Guess what? My story “Remember” won the Iron Writer C196 2017 Summer Solstice Challenge! That means I’m advancing to the Tournament when it rolls around!
Elements: Remember by Harry Nilsson (whatever you take from it), A scorched map, A white lace handkerchief, Jasmine
by E. Chris Garrison
We sat by his bedside in the hospice, and I couldn’t bring myself to hold his hand. Laura did it for me, though I don’t think he noticed.
“Your dad looks stormy,” she said.
“Stormy? He’s in a coma.” My words came out more acidic than I intended.
Her soft look told me she understood. “Like he’s upset. Or trying to remember something.”
“Remember,” said my father, the word a papery whisper.
My wife and I drew in breath together. I pushed past Laura to be near his face. “What is it, Dad?”
His eyelids still closed, his lips twitched. “A place from long ago.”
Laura and I exchanged a glance. She asked, “Where is it, where are you?”
He let out a breath, deflating. I thought it was his last, but he filled his lungs with a deep breath and said, “Remember that pirate movie I took you to when you were a teen, kiddo?”
I smiled at the old endearment he’d called me for over forty years. “Yes, dad. Our favorite. The Goonies.”
He wheezed and barked a cough, and his eyes cracked open, though he stared unseeing at the ceiling. “Know how they found the treasure cave?”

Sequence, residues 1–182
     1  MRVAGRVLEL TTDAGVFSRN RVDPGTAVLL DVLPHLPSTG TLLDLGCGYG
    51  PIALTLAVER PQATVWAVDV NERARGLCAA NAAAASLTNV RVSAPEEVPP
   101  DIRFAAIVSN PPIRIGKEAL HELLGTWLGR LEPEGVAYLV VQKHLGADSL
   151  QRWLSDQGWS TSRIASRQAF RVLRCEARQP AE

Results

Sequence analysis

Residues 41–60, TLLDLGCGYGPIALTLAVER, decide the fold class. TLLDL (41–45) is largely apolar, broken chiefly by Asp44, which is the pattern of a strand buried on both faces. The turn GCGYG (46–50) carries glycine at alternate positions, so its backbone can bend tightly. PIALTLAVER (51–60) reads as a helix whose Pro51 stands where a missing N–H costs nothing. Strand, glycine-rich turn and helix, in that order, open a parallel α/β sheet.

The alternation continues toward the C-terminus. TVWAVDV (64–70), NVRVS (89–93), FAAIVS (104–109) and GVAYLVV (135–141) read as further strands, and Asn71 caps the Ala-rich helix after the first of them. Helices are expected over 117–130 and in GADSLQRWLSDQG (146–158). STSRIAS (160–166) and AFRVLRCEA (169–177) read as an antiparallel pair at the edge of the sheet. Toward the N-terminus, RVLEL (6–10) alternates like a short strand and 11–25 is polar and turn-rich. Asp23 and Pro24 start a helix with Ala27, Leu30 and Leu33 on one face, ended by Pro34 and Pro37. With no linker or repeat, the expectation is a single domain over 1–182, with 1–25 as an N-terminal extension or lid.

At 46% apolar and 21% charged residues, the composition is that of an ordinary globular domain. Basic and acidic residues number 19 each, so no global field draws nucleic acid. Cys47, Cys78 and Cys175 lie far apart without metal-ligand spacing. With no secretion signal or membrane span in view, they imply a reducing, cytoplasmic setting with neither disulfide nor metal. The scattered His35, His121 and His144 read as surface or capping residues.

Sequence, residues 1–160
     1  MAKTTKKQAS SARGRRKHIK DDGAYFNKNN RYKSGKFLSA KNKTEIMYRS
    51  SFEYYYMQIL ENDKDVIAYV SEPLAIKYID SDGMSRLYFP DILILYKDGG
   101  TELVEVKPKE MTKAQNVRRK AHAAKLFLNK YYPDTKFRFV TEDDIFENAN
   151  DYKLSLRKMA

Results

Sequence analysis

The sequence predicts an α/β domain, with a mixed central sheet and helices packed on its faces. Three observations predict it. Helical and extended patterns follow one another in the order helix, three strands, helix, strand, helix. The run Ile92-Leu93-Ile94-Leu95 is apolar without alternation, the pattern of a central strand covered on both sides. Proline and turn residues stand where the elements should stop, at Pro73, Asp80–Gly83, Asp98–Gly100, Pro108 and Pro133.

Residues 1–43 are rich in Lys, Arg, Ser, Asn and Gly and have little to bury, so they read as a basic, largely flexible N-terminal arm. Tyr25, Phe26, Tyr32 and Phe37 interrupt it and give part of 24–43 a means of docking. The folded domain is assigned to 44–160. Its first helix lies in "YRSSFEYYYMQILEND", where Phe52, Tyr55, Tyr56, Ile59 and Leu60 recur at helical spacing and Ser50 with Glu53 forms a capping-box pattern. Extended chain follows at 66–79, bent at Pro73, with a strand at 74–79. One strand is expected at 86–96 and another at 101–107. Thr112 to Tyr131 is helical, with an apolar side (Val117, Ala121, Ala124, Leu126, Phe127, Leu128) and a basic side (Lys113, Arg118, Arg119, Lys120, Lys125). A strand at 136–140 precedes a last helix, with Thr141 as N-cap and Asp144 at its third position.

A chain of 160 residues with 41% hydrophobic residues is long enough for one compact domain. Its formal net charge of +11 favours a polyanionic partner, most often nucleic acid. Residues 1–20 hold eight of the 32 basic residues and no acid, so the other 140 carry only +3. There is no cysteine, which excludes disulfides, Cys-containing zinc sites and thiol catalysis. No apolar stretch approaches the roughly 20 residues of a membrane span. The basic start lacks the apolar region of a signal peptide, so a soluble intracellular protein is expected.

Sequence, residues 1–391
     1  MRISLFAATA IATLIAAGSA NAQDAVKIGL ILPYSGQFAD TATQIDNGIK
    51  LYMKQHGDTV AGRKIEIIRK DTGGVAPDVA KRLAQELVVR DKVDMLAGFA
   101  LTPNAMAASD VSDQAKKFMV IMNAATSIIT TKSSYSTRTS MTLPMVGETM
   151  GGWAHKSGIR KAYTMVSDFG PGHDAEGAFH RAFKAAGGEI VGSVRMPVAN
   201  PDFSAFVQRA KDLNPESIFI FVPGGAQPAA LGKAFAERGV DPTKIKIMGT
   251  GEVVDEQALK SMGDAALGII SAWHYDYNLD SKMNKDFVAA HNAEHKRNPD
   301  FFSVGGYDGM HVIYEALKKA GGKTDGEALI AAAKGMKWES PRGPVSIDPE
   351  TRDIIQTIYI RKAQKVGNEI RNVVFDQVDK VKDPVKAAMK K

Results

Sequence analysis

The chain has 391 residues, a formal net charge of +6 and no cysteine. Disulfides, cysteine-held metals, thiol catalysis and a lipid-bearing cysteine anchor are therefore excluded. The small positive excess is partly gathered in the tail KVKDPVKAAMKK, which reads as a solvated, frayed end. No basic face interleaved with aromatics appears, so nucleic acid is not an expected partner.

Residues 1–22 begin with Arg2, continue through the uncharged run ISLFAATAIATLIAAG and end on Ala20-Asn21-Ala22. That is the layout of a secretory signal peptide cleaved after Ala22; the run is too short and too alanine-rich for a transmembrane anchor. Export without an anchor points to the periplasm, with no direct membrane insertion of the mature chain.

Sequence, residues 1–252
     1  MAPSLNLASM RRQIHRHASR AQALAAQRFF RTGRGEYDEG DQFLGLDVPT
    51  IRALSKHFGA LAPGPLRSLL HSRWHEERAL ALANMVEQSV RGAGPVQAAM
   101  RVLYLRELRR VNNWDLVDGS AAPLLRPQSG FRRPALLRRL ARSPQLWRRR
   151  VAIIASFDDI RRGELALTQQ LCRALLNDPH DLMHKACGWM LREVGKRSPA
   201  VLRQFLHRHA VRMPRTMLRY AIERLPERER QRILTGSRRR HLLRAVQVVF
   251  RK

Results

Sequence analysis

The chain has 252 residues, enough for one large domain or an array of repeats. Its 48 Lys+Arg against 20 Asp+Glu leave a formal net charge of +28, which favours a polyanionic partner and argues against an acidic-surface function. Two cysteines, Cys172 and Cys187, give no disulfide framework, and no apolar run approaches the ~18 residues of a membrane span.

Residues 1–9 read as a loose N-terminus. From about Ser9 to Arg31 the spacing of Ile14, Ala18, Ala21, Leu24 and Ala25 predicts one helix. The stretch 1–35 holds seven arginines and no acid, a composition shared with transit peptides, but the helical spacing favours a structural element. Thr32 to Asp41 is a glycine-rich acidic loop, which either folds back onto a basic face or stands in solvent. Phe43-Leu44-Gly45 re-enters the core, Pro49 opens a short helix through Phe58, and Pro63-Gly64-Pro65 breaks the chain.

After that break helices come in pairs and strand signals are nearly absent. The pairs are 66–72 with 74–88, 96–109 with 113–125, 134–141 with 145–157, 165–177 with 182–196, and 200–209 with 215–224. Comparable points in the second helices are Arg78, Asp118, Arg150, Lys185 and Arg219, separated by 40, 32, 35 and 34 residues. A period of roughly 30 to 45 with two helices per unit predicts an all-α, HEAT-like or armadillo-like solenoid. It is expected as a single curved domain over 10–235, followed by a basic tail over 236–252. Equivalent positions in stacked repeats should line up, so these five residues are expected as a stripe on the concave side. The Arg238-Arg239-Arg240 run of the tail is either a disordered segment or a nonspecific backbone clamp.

Laura handed me her lace handkerchief. I wiped at tears I didn’t realize I’d shed, and said, “That old map, from the attic.”
A smile crinkled the corners of his eyes. “Wish I had that for you. Your ship come in, taken care of for life, kiddo.”
I still could not bring myself to reach out and touch him. The old man never was touchy-feely. “It isn’t like in the movies. I’ve made my own ship, I have my own treasure,” I said with a glance at my wife. “You taught me how, dad.”
Now his eyes fixed on Laura. “Yes. Yes, you have, kiddo. You’re both so pretty, you’re your own treasure.” He took in another breath, through his nose and breathed, “Jasmine. Like your mother used to wear.”
Laura laughed. “I know it’s her favorite. And yours.”
His eyes met mine, the soft light of the room gathered to two sharp infinitely brilliant points, and memories of those eyes looking at me in all emotions in all parts of my life came flooding through me, and I did reach out to touch his face with the tips of my fingers.
“Remember,” he said, arching an eyebrow.
The laugh, at his Trek reference at a time like this, escaped me, even as I dissolved into blubbery tears. “Really, dad?”
He nodded and waited.
“Of course I’ll remember, dad.”
He held my eyes with his, and the light went out of them, and the body on the bed wasn’t him anymore.
Laura held me, the scent of jasmine filling my world, bound to those memories welling up with the tears.
“I should have told him I love him,” I wailed into her soft shoulder.
Her fingers twined in my hair and she whispered in my ear, “You did, love. You did.”